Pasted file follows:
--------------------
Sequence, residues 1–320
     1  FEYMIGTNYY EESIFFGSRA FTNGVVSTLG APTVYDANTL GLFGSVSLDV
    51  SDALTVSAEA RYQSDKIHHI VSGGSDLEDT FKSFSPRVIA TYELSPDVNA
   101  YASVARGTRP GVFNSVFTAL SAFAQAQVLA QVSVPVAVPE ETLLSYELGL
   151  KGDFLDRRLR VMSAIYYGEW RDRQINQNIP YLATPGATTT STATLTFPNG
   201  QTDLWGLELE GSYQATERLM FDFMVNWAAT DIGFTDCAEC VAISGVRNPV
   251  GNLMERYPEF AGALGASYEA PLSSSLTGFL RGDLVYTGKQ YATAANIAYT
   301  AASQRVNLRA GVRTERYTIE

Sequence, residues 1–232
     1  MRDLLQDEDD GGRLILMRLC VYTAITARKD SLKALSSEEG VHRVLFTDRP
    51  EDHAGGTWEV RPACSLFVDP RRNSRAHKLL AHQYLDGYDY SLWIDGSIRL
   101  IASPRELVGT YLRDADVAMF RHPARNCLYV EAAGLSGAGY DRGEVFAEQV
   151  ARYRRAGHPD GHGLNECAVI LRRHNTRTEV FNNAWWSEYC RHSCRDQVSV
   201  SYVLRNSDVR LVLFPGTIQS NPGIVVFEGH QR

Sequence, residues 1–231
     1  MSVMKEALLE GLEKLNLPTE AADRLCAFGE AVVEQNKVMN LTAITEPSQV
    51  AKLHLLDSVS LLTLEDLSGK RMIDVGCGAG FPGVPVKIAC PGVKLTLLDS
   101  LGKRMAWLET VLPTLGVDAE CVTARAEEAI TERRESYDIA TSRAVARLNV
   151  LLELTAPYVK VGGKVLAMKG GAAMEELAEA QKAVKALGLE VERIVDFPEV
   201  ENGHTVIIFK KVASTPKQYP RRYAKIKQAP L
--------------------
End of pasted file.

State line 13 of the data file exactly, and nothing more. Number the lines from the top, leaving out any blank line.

   151  ARYRRAGHPD GHGLNECAVI LRRHNTRTEV FNNAWWSEYC RHSCRDQVSV